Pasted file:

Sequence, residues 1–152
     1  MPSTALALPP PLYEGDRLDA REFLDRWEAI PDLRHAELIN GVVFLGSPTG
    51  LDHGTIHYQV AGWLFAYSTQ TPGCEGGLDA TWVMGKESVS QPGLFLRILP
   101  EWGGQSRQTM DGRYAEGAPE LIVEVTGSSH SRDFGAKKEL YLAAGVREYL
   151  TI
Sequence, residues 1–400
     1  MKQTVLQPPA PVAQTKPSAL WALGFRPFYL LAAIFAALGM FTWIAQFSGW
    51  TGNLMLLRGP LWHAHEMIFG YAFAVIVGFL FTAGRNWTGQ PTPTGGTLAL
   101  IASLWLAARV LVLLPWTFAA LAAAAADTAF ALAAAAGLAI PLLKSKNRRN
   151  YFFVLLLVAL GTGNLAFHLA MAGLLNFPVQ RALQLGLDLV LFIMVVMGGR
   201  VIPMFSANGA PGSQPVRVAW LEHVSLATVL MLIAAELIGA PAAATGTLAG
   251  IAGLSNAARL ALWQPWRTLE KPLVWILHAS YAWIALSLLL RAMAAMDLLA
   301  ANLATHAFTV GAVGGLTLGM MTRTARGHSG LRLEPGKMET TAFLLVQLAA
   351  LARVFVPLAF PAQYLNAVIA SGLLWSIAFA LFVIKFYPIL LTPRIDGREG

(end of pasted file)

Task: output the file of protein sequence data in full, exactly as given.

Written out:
Sequence, residues 1–152
     1  MPSTALALPP PLYEGDRLDA REFLDRWEAI PDLRHAELIN GVVFLGSPTG
    51  LDHGTIHYQV AGWLFAYSTQ TPGCEGGLDA TWVMGKESVS QPGLFLRILP
   101  EWGGQSRQTM DGRYAEGAPE LIVEVTGSSH SRDFGAKKEL YLAAGVREYL
   151  TI
Sequence, residues 1–400
     1  MKQTVLQPPA PVAQTKPSAL WALGFRPFYL LAAIFAALGM FTWIAQFSGW
    51  TGNLMLLRGP LWHAHEMIFG YAFAVIVGFL FTAGRNWTGQ PTPTGGTLAL
   101  IASLWLAARV LVLLPWTFAA LAAAAADTAF ALAAAAGLAI PLLKSKNRRN
   151  YFFVLLLVAL GTGNLAFHLA MAGLLNFPVQ RALQLGLDLV LFIMVVMGGR
   201  VIPMFSANGA PGSQPVRVAW LEHVSLATVL MLIAAELIGA PAAATGTLAG
   251  IAGLSNAARL ALWQPWRTLE KPLVWILHAS YAWIALSLLL RAMAAMDLLA
   301  ANLATHAFTV GAVGGLTLGM MTRTARGHSG LRLEPGKMET TAFLLVQLAA
   351  LARVFVPLAF PAQYLNAVIA SGLLWSIAFA LFVIKFYPIL LTPRIDGREG